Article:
By 11 PM the clouds had enveloped us. It was getting windy, and the fog was turning into tiny raindrops and moistening us. About that time we got to the "Fujisan Hotel" at 3400 meters. It's not exactly a 4-star hotel, more a sort of hut where you can pay ¥5000 to spend the night in a small room with 150 of your closest friends, or ¥1000 yen to rest for an hour.

The "Fujisan Hotel".

It also has a sort-of restaurant, and a horrible bathroom (which we were told was one of the better bathrooms on the mountain). They said we could stay for 15 minutes if we ordered food, so we came in and got cups of cocoa for 400 yen. Then some green tea, then some noodles, then more green tea... Get the idea? Here we are partaking of the tea. Behind the door on the left is a room about 20 by 30 feet, which contains all the people whose shoes you can see on the shelves. Yes, there are about 150 pairs of shoes there. They were going to get a 2:30 wakeup call, to reach the summit before dawn.

Dell backpacks suck

It took a while to warm up, particularly for Gary, who had lost all circulation in his arms due to his backpack (this is the one that he got free with his laptop.) By the time an hour had passed, the rain and wind had become more earnest. Mountain 1, humans 4. The problem is when it's raining sideways you really need waterproof pants or you'll be very cold very quickly. The summit was said to be about an hour and a half away, so we didn't want to get there too early and just spend hours shivering in the dark. We decided to stay until they kicked us out, and then go for the summit.

Our Canadian friend Rick

There was one other non-sleeping North American in the building. This is Rick, a journalist climbing the mountain for the 4th time, before he moved back to Vancouver. He was with a colleague and her 6-year-old son Jimmy. They had paid the ¥5000 each to spend the night in the steerage cabin, but he had given up on the idea of actual sleep, so we spent our time talking to him. They kicked out some people who came in after we had (their hour was up), and started refusing entrance entirely to later arrivals, but we were left alone. Perhaps because we were talking to someone who had paid the full price, or maybe we looked unprepared for the weather, or maybe just because we got there first. Anyway, the warmth and dryness was a major reprieve. Mountain 1, humans 5.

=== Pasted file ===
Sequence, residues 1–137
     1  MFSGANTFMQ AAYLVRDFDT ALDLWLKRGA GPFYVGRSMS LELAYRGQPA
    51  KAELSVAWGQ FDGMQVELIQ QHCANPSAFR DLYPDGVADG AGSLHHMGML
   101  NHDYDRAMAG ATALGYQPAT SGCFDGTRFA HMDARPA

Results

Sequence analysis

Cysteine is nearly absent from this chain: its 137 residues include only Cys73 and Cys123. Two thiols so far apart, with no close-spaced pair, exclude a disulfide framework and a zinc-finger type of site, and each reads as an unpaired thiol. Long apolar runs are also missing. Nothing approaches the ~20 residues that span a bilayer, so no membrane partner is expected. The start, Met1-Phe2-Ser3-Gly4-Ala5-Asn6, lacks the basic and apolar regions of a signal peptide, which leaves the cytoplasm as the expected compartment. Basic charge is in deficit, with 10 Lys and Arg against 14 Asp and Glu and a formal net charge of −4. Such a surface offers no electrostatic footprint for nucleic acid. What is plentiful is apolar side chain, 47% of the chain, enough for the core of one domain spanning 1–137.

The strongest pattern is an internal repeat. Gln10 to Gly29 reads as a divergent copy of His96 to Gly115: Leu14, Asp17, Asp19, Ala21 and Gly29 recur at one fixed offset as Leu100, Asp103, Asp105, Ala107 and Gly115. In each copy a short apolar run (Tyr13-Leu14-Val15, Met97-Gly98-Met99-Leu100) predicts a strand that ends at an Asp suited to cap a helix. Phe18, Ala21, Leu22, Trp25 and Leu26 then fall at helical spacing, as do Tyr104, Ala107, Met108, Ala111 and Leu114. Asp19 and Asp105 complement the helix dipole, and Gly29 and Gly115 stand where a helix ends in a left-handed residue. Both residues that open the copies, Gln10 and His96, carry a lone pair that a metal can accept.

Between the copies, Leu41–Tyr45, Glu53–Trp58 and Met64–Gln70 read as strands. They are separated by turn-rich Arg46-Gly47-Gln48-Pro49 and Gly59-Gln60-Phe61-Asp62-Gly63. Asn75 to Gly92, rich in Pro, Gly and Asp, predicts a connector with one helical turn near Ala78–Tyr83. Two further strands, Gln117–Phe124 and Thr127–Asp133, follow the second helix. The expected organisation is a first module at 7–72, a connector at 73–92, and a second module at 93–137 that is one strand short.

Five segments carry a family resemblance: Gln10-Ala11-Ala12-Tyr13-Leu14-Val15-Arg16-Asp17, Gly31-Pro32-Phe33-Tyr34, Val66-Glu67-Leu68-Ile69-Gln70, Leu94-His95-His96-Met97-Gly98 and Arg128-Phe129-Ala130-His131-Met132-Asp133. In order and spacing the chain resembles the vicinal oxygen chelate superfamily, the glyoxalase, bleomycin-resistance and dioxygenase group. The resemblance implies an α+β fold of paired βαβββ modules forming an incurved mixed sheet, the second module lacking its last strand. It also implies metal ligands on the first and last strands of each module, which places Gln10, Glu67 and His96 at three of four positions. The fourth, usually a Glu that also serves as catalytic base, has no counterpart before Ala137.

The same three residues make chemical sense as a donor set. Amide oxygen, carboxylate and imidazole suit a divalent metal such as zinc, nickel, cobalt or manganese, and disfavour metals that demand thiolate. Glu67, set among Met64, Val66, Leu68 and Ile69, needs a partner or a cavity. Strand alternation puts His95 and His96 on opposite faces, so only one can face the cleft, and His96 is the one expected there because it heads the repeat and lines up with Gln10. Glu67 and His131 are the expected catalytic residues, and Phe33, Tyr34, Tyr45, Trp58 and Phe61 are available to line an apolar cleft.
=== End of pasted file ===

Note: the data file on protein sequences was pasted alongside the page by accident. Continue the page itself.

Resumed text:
Also, note the green "exit" signs over each door. Sliding glass doors on a rectangular room less than 20 feet on a side, and they have to mark the exits. Duh. Meanwhile, in the next room there are 150 people crammed into 500 square feet with just one door. Well, it's good to know that the U.S. has no monopoly on dumb-ass safety regulations.

As we sat, hoping the weather would break, it just got worse. The huts are pretty strongly constructed (I don't think they'd last otherwise), and the wind, which must have been gusting to 50 mph, sounded loud but didn't penetrate the building. We began to wonder whether it was worth even trying for the summit. Given our lack of proper gear, we decided to wait until it was light and see if the weather would burn off.

We never did get kicked out (until everyone did), even when we gave up ordering food and put our heads down and tried to get some sleep. Sitting on foot-high benches with foot-and-a-half high tables to lean on. Some of us actually slept, while others (such as yours truly) just kept our heads down and tried very hard to avoid eye contact with the people running the hut. But we knew it wouldn't last.

At 2:30 they woke the sleepers, and it was like watching a car full of clowns, as everyone staggered out of the sleeping room. We got to meet Rick's colleague and her son. It's hard to imagine a 6-year-old climbing Mt. Fuji, but he wanted to brave the weather and press on. He was also a really cute kid, and smarter than about any 6-year-old I've met. He was glad to learn we were satellite engineers rather than rocket scientists! Most people don't even know the difference.

The end of the season sucks